... The fluorescent PCR-capillary gel electrophoresis technique is accurate enough to differentiate one base-pair differences between alleles, so this technique can indicate the presence or absence of a frameshift in the coding sequence of the gene (Ramlee et al. 2017). This technique involves performing a conventional PCR with one primer labelled with a fluorochrome and later the sample is run in a capillary gel electrophoresis device linked to a genetic analyser (Ramlee et al. 2015). In order to discriminate the wild type allele in comparison to the other alleles in a sample, a PCR product of the sample is mixed with another wild type amplicon labelled with a different fluorochrome (Ramlee et al. 2017). ...
... If the mutation of target gene will cause obvious phenotype, the PCR amplicons containing target site from mutants can be sequenced to identify the mutation; If the editing efficiency is high or not too many T1 transgenic plants selected, the PCR amplicons containing target site from mutants can be sequenced to identify the mutation; If the editing efficiency is low, it is better to use suitable methods for screening before sequencing large numbers of samples. There are several methods developed to screen CRISPR/ Cas9 editing mutants, such as PCR/restriction enzyme assay (Nadakuduti et al. 2019), T7 endonuclease I assay , surveyor nuclease assay (Vogiatzakis et al. 2013), polyacrylamide gel electrophoresis-based methods (Zhu et al. 2014), high-resolution melting analysis-based assays (Meistertzheim et al. 2017), fluorescent PCR capillary gel electrophoresis methods (Ramlee et al. 2015), and so on. However, these methods are not suitable for high-throughput screening due to specific sequence requirement, time consuming or high cost. ...
Full-text available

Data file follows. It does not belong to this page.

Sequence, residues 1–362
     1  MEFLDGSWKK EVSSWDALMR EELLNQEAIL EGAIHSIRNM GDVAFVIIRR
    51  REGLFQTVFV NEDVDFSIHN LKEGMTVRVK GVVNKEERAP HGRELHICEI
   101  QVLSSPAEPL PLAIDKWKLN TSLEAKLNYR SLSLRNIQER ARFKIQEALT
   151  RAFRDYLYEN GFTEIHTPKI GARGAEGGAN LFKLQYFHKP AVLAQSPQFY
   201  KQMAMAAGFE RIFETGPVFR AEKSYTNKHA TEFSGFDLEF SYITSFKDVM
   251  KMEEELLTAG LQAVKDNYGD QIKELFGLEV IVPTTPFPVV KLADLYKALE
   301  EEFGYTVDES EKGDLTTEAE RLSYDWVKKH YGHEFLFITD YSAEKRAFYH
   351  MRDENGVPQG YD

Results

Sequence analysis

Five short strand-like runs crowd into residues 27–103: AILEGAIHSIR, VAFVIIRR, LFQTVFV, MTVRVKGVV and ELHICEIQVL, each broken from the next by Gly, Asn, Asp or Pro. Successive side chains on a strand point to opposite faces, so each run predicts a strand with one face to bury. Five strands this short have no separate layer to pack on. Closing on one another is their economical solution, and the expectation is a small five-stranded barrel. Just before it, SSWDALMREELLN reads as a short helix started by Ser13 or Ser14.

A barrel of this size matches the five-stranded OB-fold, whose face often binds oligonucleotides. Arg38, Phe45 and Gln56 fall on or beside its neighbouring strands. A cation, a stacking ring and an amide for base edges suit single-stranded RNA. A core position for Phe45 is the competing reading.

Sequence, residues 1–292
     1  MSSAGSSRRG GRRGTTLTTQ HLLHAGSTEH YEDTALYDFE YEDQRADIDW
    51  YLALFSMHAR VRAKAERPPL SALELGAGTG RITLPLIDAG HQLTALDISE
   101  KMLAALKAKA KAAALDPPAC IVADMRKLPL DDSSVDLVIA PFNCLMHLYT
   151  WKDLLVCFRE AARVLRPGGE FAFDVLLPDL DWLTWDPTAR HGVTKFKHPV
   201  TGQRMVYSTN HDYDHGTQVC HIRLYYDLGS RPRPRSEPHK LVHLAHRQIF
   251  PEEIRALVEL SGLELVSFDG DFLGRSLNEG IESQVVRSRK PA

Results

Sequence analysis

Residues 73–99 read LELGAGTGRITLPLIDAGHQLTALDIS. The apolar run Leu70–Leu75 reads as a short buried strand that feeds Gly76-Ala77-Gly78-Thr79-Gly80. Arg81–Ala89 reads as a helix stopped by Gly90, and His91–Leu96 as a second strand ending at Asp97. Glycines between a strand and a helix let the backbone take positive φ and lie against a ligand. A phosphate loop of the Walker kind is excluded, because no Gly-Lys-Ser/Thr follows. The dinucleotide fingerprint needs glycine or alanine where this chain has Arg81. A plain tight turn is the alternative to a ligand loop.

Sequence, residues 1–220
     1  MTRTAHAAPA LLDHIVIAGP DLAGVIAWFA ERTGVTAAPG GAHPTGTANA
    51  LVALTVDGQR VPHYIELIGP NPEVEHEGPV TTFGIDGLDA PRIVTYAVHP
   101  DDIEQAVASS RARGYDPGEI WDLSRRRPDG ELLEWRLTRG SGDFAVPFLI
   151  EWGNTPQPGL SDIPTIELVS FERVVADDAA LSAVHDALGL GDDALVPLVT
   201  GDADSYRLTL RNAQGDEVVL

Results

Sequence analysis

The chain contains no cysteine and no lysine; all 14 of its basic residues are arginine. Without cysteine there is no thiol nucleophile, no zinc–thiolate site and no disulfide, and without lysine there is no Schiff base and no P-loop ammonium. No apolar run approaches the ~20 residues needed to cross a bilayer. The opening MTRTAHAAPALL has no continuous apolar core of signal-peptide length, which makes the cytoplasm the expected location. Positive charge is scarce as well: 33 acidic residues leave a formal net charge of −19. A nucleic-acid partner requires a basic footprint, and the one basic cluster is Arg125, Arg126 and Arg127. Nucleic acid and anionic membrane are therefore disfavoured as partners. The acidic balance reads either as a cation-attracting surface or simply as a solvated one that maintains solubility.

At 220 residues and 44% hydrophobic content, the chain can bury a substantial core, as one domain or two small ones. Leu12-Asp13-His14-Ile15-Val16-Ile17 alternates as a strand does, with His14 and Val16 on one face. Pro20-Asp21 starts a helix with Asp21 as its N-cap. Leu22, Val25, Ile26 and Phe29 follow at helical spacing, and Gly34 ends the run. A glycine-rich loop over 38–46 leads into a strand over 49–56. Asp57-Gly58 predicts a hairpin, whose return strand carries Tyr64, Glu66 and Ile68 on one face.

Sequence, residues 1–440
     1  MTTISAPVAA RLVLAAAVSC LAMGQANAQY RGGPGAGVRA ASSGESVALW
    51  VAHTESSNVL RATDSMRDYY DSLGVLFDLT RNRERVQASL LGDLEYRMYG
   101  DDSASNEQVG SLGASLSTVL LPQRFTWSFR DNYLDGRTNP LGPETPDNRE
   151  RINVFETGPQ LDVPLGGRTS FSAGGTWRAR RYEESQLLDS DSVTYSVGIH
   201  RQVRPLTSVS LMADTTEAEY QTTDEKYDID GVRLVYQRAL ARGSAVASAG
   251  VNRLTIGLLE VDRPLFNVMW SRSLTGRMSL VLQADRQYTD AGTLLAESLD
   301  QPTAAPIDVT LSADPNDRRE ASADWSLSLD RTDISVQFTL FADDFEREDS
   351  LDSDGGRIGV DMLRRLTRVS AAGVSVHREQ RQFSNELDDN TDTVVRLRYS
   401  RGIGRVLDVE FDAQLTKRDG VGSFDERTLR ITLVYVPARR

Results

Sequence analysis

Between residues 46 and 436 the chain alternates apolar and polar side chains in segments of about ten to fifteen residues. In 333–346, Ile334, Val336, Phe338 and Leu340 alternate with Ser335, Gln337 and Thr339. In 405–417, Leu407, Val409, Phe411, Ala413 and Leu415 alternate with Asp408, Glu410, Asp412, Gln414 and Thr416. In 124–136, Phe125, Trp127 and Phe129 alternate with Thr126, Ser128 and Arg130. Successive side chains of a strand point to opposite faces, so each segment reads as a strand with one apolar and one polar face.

D-Glycerate 3-kinase (GLYK, EC2.7.1.31) catalyzes the phosphorylation of glycerate to form 3-phosphoglycerate. However, knowledge about GLYK regulation is limited. In this study, the Arabidopsis Ler background glyk mutants were generated using CRISPR/Cas9 technology to elucidate the genetic regulation mechanisms of GLYK in future. Specifically, two sgRNAs targeting the Arabidopsis GLYK genomic sequence (At1g80380) were constructed into egg cell-specific expression CRISPR/Cas9 vector, and Ler plants were transformed by the floral dip method. A high-throughput screening and sequencing combined PCR (SSC-PCR) was developed to identify mutants generated by CRISPR/Cas9 technology using the DNA of T1 positive transgenic lines. By using this method, the edited GLYK lines were efficiently screened out from T1-positive transgenic lines. Thereafter, two independent homozygous lines, glyk-1 and glyk-3, were selected and further confirmed their genetic stability and absence of off-targets. The glyk-1 and glyk-3 showed typical photorespiration phenotype, and the chlorophyll content and Fv/Fm ratio of glyk-1 and glyk-3 gradually decreased when they were moved from 3000 ppm CO2 to 400 ppm CO2. Finally, these two mutants became lethal after nine-day exposure to 400 ppm CO2. Furthermore, six proteins have been screened out for their potential interactions with AtGLYK using yeast two-hybrid system in a previous study, while in this study, only two proteins, At1g78380 (AtGSTU19) and At4g37980 (AtCAD7), were further confirmed their interactions with AtGLYK using BiFC and LCI approaches, respectively. In summary, the developed SSC-PCR method here can be applied for the quick screening and identification of CRISPR/Cas9-edited mutants in plants; the glyk mutants and the GLYK-interacting proteins reported in this study will facilitate future understanding of the genetic regulation mechanisms of AtGLYK.
... Among them, the polymerase chain reaction (PCR)-based assay, restriction enzyme (RE) site loss assay, and high-throughput next-generation sequencing are frequently used for characterization of target mutants. Another approach is to use capillary electrophoresis-based fragment analysis for high-throughput detection of insertion/deletions in gene-edited samples [209]. Traditional Sanger sequencing methods to identify homozygous mutants are time-consuming and laborious for large numbers of samples and may be unsuitable for heterogeneous samples [210]. ...